In many cases, wordplay sections don’t lend themselves neatly to whole words. A clue often needs a single letter or small group of letters. These are effected by using standard abbreviations, letter selection and even foreign language.
Abbreviations are commonly used to clue short letter sequences. For example:
Conversation about new song (5)
Answer: CHA(N)T where N is an abbreviation for “new.”
Cryptics use many types of abbreviations, most of which may be found in a standard dictionary. Here’s just a sampling of what you may see in American cryptics:
A long list, yet far from exhaustive. Blog site Crossword Unclued has a good core list of abbreviations and categories of such that a beginning cryptic solver should know. Wikipedia has an extensive list of crossword abbreviations (although many of these are only found in British cryptics).
Note that an abbreviation need not be clued directly. Consider a common translation of “about”:
Worrying about band (6)
The answer is CA+RING. Notice how “about” translates to “circa,” which in turn is abbreviated CA.
Letter selections use positional indicators to pick letters out of a word that are then used in wordplay:
Here is an example of how an E might be extracted for use in a container:
Catch premiere of Euridice in New York opera house (6)
Taking the first letter of Euridice and inserting it into MET (the famed New York opera house) gives M(E)ET.
In some cases, an entire word may be clued as an abbreviation of a complete phrase. This is sometimes called an acrostic:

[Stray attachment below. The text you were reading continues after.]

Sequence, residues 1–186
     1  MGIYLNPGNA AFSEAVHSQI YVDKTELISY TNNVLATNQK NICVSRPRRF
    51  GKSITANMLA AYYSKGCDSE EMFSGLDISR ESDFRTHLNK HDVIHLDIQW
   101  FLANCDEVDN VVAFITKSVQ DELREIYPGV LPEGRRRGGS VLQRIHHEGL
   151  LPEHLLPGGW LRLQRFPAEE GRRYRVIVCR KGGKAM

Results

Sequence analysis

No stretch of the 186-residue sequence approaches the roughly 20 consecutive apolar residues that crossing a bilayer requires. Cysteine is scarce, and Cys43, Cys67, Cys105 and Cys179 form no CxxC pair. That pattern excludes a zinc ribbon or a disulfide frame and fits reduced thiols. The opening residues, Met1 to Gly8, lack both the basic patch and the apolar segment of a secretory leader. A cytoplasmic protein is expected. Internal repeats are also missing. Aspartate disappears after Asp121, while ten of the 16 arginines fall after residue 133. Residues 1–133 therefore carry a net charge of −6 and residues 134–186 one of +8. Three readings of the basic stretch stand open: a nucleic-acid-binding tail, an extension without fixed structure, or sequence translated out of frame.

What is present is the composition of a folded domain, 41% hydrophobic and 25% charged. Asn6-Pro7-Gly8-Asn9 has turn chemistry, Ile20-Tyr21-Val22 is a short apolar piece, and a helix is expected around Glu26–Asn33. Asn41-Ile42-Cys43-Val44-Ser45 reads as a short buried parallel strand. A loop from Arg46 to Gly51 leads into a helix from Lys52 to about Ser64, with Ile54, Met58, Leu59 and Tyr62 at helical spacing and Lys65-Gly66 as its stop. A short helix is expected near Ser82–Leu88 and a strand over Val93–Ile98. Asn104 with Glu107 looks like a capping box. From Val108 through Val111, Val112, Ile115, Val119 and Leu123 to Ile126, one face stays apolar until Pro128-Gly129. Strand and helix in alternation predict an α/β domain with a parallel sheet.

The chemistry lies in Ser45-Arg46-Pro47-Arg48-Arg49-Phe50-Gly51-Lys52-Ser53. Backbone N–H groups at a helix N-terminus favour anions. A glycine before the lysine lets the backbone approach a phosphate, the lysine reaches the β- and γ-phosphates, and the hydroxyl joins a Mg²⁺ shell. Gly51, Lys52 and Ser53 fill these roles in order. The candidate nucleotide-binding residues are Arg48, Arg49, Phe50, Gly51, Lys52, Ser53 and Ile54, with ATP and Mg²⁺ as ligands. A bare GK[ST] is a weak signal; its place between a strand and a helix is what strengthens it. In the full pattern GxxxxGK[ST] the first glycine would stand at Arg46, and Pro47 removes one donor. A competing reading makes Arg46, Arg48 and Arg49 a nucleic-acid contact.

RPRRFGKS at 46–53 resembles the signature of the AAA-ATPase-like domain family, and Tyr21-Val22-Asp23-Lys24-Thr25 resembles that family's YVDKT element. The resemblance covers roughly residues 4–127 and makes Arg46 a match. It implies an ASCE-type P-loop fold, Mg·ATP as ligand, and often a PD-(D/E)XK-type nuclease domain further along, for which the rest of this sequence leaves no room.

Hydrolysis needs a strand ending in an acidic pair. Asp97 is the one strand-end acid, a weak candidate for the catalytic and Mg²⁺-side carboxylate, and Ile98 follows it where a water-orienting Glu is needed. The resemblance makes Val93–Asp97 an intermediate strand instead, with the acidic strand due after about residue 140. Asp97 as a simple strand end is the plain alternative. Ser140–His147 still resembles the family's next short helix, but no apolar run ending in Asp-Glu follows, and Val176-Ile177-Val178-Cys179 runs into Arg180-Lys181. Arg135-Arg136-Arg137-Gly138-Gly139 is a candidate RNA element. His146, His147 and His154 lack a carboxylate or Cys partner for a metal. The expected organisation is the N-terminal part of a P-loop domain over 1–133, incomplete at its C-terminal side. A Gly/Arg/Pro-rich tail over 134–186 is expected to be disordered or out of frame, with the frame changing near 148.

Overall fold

Team starts to get riled over unruly penalties (5)
Taking the first letters of (the “starts to”) “get riled over unruly penalties” gives G.R.O.U.P.
Another mechanism sometimes used is to pick alternating letters from a phrase with indicators such as oddly, evenly or alternately. This device is not very common, and is usually reserved for complete solutions:
Odd “cure”: it stirs conflict (6)
Extracting the odd letters from CuRe It StIrS gives CRISIS.
Note: Phrases such as bit of, piece of and hint of are by convention taken to indicate initial letters. Some constructors such as Neil Shepherd disparage these indicators (and I myself use them very sparingly) but solvers need to be familiar with them as their use is commonplace. Similarly, indicators such as half and quarter of are generally accepted to mean the first half or quarter of a word if there exists no other qualification (e.g., last half of.)
Foreign languages provide an additional source of wordplay constituents. Indicators may specify a language (French, Spanish), a locality (Parisian, in Madrid) or in some cases, a name (Étienne’s, for Carlos):
Avoid quiet one in Paris (4)
This combines SH (“quiet!”) with the French word UN (“one”) to give SHUN.
It’s good to know common words from major European languages to solve such clues: